Wedgwood Patterns of the 1880s

Save

English potter Josiah Wedgwood (1730-1795) developed durable tableware that graced the tables of Queen Charlotte of Britain and Empress Catherine II of Russia. Transferware, a process started in the 18th century and later refined by potter Josiah Spode and used by the Wedgwood company, involved transferring images or patterns from an engraved copper plate to specially sized paper to the pottery surface. This economical tableware appealed to the emerging middle class. Wedgwood patterns of the 1880s indicated an interest in flora and fauna that appealed to romantic and eccentric tastes.

Asiatic Pheasants

  • The Asiatic Pheasants pattern, a blue and white dinner pattern of the 1880s, was among the top two popular and enduring patterns of Queen Victoria's reign (1837-1901). This romantic transfer print pattern on earthenware originated in the early 1800s when the Chinese-style of patterns in Western art, Chinoiserie, was popular. Perhaps a floral design of the Far East inspired this pattern. This subdued, pale blue pattern featured pheasants, butterflies and moths against a white background. This romantic design gave a sense of cleanness and light airiness. Still produced in Staffordshire, the Asiatic Pheasants adorn dinner plates, vegetable dishes and meat platters.

Beatrice

  • The Beatrice pattern was a dark brown transfer pattern first produced in 1880. Brown plate borders feature motifs of cherry blossoms with five distinct petals on branches. Ribbons or strips showing patterns of geometric shapes seem to hover around the center of the plate. This pattern appears on transferware platters or tureens.

Columbia Edge

  • The enameled Columbia Edge pattern featured a motif of mythical beasts that faced each other with a trophy between them. According to the Wedgwood Museum, the plate edge included a dark green border with a scalloped edge line. Around the rim, the beasts motif alternated with a floral motif with reddish-purple flowers and greenery. At the center of the dinner plate, the beasts and floral motifs also appeared encircled against a white background.

    Green and Gold Columbia, a variation of the Columbia Edge, included a pale sage green band around the rim. The scalloped edge line, the mythical beasts, trophy and floral motifs were all in gold.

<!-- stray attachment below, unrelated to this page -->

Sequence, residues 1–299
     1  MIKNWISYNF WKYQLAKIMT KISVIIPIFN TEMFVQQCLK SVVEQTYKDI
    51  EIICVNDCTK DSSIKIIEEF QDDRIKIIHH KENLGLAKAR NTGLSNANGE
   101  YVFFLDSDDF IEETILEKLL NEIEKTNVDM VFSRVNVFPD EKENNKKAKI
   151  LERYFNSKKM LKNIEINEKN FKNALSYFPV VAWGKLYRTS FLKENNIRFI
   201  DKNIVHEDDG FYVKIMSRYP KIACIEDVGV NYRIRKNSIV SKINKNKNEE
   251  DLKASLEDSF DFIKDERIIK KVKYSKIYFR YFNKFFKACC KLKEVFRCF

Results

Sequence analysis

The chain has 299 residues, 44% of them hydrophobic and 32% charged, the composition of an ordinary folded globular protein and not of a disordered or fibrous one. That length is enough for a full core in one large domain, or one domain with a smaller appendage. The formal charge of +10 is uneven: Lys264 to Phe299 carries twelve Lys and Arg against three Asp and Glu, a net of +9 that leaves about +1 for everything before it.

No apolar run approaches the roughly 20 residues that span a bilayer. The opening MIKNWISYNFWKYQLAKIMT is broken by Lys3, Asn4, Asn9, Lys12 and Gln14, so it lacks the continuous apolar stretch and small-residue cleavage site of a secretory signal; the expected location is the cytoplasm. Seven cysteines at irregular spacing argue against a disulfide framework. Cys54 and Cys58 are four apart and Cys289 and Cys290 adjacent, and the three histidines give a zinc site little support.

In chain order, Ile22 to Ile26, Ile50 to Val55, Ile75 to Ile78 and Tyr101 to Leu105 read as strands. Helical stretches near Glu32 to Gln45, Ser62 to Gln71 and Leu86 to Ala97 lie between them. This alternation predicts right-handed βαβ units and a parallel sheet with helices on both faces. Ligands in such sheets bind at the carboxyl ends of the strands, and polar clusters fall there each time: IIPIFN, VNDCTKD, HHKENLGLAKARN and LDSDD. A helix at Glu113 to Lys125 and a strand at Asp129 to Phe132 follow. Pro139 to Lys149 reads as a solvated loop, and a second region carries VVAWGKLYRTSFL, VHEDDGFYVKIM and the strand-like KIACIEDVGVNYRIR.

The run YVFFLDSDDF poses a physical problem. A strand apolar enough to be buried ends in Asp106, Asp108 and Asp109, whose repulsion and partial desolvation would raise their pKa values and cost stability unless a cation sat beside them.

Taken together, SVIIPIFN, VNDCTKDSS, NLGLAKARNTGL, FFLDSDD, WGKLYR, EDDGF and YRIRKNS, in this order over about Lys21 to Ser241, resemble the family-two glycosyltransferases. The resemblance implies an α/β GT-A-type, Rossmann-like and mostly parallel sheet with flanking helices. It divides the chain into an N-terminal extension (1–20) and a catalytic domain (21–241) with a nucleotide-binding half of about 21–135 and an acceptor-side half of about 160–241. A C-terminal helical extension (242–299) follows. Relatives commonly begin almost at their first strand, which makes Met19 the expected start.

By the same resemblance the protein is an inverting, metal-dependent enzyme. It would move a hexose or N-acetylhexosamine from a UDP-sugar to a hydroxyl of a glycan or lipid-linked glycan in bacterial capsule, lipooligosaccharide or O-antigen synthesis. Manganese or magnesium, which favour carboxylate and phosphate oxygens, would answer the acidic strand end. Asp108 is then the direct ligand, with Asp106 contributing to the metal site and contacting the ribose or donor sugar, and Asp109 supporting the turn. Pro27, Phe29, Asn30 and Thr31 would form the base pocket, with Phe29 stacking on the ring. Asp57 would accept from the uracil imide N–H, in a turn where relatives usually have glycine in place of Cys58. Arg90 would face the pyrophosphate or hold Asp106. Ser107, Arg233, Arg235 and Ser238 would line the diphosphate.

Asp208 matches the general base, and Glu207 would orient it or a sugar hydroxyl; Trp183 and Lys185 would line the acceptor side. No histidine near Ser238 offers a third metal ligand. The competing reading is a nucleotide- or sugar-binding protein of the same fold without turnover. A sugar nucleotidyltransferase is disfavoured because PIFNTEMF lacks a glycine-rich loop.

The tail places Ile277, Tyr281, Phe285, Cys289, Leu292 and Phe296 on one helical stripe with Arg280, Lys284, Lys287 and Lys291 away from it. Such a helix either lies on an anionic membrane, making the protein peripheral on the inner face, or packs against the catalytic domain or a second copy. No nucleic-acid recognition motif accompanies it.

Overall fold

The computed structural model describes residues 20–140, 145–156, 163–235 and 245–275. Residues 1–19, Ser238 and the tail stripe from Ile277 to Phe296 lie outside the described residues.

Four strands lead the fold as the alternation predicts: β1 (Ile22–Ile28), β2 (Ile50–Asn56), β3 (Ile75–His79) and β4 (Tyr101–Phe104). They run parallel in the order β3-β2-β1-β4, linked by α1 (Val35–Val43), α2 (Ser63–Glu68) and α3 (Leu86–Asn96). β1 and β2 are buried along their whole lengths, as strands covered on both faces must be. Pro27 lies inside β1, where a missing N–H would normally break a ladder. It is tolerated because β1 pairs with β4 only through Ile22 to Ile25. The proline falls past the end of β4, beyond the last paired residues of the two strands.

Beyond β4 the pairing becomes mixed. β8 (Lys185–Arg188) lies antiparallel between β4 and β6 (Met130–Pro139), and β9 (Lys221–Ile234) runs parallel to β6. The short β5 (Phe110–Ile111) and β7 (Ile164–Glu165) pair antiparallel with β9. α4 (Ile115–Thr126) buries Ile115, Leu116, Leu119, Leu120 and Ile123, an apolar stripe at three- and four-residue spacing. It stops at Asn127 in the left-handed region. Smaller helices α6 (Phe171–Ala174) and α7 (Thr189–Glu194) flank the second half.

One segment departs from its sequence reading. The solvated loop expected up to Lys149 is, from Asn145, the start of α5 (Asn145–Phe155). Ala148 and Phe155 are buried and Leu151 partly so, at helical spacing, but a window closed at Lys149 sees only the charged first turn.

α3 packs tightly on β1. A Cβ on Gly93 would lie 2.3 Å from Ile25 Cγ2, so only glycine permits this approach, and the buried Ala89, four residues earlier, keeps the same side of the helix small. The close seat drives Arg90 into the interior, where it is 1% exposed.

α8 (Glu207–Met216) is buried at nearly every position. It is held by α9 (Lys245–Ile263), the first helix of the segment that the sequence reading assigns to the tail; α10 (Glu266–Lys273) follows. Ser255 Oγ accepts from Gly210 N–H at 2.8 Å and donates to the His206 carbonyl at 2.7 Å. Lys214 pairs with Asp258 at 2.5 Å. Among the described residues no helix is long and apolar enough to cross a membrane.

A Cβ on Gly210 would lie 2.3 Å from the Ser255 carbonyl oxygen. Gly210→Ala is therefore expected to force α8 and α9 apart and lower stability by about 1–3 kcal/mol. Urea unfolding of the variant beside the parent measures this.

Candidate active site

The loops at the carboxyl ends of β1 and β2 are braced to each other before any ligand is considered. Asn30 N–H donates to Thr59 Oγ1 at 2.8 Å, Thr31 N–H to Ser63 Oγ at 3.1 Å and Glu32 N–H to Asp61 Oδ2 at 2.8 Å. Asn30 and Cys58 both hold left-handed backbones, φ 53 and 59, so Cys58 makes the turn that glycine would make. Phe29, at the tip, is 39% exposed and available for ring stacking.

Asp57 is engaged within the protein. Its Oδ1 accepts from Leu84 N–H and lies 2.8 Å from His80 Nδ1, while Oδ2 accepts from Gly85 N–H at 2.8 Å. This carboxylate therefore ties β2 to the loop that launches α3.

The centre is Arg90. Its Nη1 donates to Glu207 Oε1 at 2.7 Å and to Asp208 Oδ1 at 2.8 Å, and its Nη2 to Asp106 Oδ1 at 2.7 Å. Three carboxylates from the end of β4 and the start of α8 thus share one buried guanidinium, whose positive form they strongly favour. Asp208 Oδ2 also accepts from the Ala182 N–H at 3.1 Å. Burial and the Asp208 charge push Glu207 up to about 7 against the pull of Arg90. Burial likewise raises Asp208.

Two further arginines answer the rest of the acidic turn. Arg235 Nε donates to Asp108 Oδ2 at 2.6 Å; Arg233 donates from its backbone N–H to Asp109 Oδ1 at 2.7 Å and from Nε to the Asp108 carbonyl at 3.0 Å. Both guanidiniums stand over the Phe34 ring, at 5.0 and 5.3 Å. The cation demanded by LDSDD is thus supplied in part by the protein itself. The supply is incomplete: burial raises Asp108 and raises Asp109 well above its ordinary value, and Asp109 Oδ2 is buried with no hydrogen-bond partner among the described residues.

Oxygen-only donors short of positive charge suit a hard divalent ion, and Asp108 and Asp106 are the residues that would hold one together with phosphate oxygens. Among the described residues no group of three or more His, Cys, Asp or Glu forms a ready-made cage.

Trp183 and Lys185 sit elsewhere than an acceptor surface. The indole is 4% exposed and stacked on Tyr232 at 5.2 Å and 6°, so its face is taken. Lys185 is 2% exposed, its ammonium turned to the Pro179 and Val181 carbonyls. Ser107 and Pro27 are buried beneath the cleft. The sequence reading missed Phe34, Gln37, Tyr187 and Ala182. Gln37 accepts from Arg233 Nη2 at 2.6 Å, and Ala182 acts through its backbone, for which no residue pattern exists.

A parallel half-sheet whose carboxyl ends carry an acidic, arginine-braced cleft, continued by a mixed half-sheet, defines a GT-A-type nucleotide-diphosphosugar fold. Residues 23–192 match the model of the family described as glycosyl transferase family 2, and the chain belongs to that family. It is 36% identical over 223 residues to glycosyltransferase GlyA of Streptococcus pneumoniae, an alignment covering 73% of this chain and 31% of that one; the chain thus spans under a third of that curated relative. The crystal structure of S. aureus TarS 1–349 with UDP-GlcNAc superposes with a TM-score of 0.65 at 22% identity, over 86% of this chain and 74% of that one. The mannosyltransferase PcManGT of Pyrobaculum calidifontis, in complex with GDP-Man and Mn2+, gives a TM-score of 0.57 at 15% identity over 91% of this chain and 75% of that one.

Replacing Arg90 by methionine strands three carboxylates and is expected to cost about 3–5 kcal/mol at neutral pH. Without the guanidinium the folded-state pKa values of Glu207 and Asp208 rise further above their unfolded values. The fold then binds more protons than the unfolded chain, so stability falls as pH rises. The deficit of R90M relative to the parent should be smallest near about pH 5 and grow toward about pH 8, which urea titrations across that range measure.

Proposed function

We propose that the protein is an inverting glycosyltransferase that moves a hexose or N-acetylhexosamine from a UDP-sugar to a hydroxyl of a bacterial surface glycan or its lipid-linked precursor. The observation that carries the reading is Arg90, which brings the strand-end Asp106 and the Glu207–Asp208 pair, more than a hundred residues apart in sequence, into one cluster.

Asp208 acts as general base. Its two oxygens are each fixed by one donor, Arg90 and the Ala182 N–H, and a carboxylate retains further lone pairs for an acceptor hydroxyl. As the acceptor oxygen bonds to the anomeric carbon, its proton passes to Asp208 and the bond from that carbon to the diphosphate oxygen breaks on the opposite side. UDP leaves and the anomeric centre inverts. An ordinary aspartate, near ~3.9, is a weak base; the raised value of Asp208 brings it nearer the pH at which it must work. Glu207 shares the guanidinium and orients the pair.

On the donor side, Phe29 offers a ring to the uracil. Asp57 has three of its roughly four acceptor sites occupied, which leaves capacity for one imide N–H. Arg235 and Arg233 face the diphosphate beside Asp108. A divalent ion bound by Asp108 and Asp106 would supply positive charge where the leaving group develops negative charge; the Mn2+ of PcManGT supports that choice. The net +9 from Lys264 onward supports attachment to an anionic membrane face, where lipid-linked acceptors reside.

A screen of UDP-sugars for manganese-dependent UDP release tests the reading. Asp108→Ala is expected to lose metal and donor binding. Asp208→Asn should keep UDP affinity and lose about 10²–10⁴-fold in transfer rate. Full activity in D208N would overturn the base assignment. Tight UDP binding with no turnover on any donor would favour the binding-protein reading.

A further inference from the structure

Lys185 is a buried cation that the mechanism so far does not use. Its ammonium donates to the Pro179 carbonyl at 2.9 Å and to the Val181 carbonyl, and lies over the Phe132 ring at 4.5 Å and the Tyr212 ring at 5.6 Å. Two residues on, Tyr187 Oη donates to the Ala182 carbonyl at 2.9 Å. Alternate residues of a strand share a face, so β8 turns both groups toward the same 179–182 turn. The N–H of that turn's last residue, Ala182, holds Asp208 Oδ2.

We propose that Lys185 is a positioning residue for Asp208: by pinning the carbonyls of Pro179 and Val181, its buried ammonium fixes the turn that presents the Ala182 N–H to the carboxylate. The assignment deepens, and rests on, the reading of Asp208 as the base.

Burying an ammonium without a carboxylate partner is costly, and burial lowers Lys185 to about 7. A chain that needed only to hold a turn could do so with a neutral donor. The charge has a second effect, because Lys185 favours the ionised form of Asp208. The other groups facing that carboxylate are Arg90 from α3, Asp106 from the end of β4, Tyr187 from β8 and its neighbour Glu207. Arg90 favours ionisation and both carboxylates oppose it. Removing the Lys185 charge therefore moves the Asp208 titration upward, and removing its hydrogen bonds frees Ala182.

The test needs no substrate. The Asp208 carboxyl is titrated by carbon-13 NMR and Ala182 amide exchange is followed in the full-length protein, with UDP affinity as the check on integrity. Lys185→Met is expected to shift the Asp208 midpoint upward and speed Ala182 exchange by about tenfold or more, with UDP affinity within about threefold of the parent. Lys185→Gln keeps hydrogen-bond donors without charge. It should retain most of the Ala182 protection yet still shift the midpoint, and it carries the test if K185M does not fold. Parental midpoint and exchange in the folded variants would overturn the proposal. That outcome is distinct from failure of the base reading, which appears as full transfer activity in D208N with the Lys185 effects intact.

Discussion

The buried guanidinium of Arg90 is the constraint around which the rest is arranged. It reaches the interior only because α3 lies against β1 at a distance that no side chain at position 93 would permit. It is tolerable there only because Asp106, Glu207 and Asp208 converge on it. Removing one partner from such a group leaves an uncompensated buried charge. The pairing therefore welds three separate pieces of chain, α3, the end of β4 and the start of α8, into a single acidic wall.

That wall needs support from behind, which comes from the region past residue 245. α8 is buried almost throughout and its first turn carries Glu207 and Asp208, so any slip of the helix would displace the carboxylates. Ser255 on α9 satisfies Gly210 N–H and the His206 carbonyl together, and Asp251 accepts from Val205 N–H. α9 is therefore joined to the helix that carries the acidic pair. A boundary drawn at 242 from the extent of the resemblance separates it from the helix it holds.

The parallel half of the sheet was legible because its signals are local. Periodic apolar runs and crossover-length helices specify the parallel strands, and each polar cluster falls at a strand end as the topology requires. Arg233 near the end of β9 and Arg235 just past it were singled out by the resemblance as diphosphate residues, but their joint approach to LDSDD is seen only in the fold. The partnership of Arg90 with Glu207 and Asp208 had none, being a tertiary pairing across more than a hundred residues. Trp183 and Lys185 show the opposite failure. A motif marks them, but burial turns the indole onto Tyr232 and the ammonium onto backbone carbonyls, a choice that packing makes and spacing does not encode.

The Powder Ruby Columbia pattern, like the Columbia Edge, included a border of beasts, stylized leaves and a pointed scalloped edge line. The motifs in gold contrasted with the ruby red color in the border background and center. The Powder Blue Columbia pattern included similar gold motifs of the Power Ruby pattern, but featured a blue border and center.

Prunus and Oriental Fan

  • Gold and bronze highlight the Prunus and Oriental Fan pattern that indicates the revival of Japanese-inspired design in Western art, Japonaiserie. Sections of a tree branch with a series of gold fan motifs decorate bone china.

Lobster Salad Bowl

  • Wedgwood's novelty tableware of the 1880s played up Victorian interest in quirky items. One such item was an 1880 salad bowl supported on the back of a red lobster that was perched on a gold-rimmed base embellished with floral motifs. The bowl's tactile surface featured ridges and slightly wavy indentations resembling a large seashell.

Related Searches

References

Promoted By Zergnet

Comments

Resources

You May Also Like

  • Tuscan China Plant

    The Tuscan China Plant was a manufacturing plant in Staffordshire County in west-central England that operated from 1898 to 1970. Because of...

  • How to Find Wedgwood Dishware Pattern

    Wedgwood is a British pottery firm that was founded in the mid-18th century by Josiah Wedgwood. Wedgwood has produced hundreds of patterns...

Related Searches

Check It Out

How to Throw a Halloween Dinner Party

M
Is DIY in your DNA? Become part of our maker community.
Submit Your Work!